4 questions to ask yourself before you speak on stage

(AKA a resource I send to clients and potential clients that I never thought I’d share publicly but here we are :))

Glaring at her face on the video call, I stuck my bottom lip out.

“I don’t know,” I mumbled petulantly. “Do I even have to think about that?”

Michelle smiled warmly back at me. “You know you do,” she said. And she was right. I groaned.

When I found out that a long-time daydream of doing the closing keynote at Portland’s World Domination Summit was coming true, I knew I needed help. I coach speakers all the time, but writing my own talk felt like trying to cut my own hair without a mirror. I needed help. And I knew Michelle Barry Franco was the person to help me. What I didn’t know was…

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Nobody Else Has Their iSht Together Either. You’re Doing Just Fine.

After years of working with hundreds of storytellers, I figured out something essential:

The ways you feel like you fall short? That feeling you have that everyone else has their iSht together, and only you don’t?

You’re not alone.

In fact, E-V-E-R-Y-B-O-D-Y feels that way.

Below (video and transcription) is my World Domination Summit mainstage (8 min) talk that goes into this, which is the reason behind why I do all the work I do.

It’s my attempt to counteract the epidemic we’re facing in our society, to give people a space to feel like they’re not alone in secretly feeling like a bit of a failure almost all of the time, and to DEFEAT EVIL.

Also, I tell a funny story about a weird thing on my face. Want to hear it?…

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Snugglers, Small moments and Sneaking it in: Lessons from WDS 2017

Marsha at WDS 2017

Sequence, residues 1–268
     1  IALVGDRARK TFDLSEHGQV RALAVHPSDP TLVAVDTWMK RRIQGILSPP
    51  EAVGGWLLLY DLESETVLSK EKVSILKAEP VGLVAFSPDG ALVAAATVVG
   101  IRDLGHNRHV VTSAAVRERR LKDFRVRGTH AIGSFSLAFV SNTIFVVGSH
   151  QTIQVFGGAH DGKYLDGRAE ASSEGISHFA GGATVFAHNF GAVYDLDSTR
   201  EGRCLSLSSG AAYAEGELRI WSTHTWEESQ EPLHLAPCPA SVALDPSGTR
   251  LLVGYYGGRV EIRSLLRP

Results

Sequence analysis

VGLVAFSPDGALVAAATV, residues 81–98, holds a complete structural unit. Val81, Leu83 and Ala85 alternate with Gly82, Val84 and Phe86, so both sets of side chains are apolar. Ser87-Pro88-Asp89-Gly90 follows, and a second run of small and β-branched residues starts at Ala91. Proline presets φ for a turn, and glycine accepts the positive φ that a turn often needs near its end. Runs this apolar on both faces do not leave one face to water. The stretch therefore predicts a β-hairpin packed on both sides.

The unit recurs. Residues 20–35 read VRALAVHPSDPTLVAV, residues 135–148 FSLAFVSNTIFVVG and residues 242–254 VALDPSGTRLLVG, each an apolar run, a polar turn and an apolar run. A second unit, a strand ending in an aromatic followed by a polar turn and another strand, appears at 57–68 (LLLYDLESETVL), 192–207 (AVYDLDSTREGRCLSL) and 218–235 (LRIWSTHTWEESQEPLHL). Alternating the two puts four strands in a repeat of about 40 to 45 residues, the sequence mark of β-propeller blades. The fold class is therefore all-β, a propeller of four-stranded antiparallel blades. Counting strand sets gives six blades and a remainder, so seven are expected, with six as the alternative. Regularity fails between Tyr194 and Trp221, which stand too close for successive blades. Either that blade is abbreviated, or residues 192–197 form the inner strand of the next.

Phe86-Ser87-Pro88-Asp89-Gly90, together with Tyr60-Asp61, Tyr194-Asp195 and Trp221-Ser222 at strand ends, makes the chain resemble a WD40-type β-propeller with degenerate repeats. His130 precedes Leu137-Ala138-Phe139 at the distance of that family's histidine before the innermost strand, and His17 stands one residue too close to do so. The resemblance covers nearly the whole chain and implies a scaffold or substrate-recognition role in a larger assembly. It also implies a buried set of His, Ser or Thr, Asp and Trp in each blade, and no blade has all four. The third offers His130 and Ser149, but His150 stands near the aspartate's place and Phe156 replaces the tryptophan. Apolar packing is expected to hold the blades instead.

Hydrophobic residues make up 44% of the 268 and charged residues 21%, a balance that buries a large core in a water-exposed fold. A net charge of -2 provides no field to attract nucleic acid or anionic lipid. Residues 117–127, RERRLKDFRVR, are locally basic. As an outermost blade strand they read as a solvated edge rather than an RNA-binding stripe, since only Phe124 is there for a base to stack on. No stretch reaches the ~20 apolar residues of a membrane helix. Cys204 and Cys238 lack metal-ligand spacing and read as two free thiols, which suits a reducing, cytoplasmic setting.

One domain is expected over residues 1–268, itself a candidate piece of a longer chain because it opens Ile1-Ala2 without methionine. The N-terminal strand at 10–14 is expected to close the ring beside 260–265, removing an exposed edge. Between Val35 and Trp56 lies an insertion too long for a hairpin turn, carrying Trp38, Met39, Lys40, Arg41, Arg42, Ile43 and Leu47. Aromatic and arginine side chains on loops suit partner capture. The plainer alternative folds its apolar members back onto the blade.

Even as she was walking up to me, I didn’t break my stride.

I was game for talking to people, but I had an hour to get EVERYTHING done – and I was freaking out a little…

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Telling a story in just one minute

We sat in the lobby of the conference hall. Janne had told me I could be brutal. “I’m Dutch”, she’d said, “I can take it!” But now, I wondered if I’d gone too far.

And then, she burst into tears.

“Oh my goodness!” I cried. “I’m so sorry!”

“It’s ok!” she said, smiling. “It’s a hard thing to do this, because it’s important to me that I get it right. But it’s ok.”

I’m the Storytelling Coach at the Portland conference World Domination Summit (think less Lex Luther, more do-gooders, trying to make the world a better place). Each year, Attendee Storytellers are invited to go onstage and share their stories.

This summer, hundreds of people applied on Saturday morning to tell a story. On Saturday afternoon, Jolie (the conference’s “Fixer and Voice of Reason”) and I combed through the entries, chose five.

Then, I had just half an hour with each, to pull the story out, and figure out they could tell it in one minute. A process I’d usually spend two or three hours with each person for.